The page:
Tuesday, April 10, 2012

Zelda and Ivy: The Runaways

Kvasnosky, Laura McGee. Zelda and Ivy: The Runaways. Illustrated by Laura McGee Kvasnosky. Candlewick Press, 2006. 42 pages. $14.99. ISBN 9780763626891.


Uh oh! Cucumber sandwiches for lunch again! Fox sisters Zelda and Ivy have had enough and they decide to run away to the backyard. Each sister selects some special items for her suitcase (including a writer’s notebook, lucky jewel, Princess Mimi doll, and Go Fish cards) and they find a perfect spot to spread out their blanket: behind a bush, yet with a good view of their parents’ activities. The girls find plenty to do while they wait, but strangely enough, Mom and Dad don’t seem to miss them! The following two chapters have similar appealing plots that feature cleverness, humor, and creativity: “The Time Capsule” and “The Secret Concoction.” The illustrations by Kvasnosky are colorful gouache resists, demonstrating playful details and a sense of fun that matches the mood of the sisters and the story.

Curriculum Connections:

Young writers need great writing prompts! The first two stories in this collection will be just the type of inspiration for first or second grade creative writing. “What would you pack in your suitcase if you were running away to the backyard? What special things would you bring? What would help you pass the time or feel comfortable?” “What would you put in your own time capsule for the children of the future to discover? What objects would tell them about you and your life?”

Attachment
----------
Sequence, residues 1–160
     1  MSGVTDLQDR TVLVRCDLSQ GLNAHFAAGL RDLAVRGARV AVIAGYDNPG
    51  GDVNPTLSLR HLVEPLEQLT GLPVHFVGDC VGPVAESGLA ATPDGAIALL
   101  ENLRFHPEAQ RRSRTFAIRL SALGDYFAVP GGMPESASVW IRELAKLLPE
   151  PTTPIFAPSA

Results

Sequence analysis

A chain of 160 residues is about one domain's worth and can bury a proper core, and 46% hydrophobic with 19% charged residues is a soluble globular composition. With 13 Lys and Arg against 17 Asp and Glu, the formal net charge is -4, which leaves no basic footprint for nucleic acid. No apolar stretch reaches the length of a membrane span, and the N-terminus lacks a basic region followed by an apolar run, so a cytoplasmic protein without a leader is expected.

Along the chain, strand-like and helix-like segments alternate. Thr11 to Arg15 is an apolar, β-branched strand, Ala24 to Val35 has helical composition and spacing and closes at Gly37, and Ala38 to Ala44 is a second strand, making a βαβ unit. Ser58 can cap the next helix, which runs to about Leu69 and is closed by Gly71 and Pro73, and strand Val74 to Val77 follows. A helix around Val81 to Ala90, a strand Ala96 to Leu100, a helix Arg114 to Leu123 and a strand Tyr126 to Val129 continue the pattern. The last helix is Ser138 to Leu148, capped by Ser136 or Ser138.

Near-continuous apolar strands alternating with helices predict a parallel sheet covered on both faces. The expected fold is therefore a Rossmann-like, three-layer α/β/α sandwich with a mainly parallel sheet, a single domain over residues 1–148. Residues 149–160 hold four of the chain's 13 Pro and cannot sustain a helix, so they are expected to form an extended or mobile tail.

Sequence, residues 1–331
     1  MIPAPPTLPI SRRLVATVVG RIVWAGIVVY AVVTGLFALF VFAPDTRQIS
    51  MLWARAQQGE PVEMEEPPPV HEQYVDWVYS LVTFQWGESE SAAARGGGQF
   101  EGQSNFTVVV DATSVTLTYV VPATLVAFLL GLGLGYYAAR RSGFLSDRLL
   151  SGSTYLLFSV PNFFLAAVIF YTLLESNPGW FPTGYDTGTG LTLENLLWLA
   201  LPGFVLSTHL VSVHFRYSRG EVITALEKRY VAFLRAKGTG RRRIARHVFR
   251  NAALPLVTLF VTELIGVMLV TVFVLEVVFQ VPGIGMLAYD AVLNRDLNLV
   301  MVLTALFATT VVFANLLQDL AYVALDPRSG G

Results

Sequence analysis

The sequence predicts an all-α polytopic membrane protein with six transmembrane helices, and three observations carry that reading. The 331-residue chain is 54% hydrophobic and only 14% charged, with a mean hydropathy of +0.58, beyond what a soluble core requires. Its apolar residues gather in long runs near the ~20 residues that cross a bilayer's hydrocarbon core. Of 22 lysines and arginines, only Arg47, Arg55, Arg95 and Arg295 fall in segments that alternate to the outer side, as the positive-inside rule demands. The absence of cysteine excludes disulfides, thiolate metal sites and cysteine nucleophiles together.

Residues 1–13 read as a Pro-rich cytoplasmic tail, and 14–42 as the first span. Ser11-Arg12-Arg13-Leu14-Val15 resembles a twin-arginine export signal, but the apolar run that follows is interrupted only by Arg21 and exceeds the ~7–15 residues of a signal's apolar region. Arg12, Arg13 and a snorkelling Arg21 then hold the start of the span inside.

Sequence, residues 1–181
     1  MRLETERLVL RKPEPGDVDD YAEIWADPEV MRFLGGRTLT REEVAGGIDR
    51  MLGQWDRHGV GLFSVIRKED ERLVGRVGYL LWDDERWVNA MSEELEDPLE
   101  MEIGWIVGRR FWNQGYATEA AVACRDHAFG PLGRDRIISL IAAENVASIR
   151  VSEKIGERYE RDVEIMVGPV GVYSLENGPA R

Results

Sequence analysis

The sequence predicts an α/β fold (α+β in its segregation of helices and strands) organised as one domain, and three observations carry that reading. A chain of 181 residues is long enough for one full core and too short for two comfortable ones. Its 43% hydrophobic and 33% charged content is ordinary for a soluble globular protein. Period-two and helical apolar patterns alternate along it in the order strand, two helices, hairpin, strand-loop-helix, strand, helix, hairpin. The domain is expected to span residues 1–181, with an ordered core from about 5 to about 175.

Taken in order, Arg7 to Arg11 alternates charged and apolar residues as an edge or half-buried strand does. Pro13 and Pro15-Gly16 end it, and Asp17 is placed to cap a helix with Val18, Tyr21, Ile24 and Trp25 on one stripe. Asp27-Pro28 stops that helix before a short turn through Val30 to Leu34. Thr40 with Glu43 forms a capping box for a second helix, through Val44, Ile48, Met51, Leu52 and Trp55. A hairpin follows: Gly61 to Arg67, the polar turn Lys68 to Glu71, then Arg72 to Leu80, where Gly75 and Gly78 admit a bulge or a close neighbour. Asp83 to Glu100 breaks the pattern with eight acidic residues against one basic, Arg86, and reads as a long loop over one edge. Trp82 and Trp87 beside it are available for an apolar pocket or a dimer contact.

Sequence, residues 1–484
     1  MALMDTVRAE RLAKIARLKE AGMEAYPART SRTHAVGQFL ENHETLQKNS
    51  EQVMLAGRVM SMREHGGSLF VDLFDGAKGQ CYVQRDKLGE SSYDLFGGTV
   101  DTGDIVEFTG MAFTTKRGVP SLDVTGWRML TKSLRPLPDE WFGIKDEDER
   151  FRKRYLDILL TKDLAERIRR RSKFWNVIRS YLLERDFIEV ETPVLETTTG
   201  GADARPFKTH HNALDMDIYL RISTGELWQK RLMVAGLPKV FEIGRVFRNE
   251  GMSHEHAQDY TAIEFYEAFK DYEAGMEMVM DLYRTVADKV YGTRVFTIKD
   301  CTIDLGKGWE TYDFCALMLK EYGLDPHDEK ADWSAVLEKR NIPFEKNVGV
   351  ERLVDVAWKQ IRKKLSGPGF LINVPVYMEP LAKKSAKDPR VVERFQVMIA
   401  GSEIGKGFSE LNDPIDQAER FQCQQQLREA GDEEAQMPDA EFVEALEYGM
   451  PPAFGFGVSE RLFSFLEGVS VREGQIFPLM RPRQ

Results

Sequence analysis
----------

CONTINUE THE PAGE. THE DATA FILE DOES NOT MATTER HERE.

Personal Reflections:

When Zelda and Ivy are camped out in the yard, I loved the way they passed the time. They decorated “the edge of their blanket with pussy-willow puffs,” they figured out how their names are spelled backwards, and “they wrote a two-chapter book about a worm named Pierre.” In the next chapter, they decide to include the story of Pierre in their Time Capsule. These type of details help to flesh out the characters and make them seem real.


Theodor Seuss Geisel Award Winner, 2007; ALA Notable Children’s Books for Younger Readers, 2007.

Age/Interest Range:



Humor, Family, Sisters


Though the anthropomorphized foxes might remind readers of James Marshall’s classic Fox series, the humor of this series is more straightforward. Ling and Ting: Not Exactly the Same! (Lin) is a closer match, a story of twin sisters who have unique talents but share the same sense of fun.

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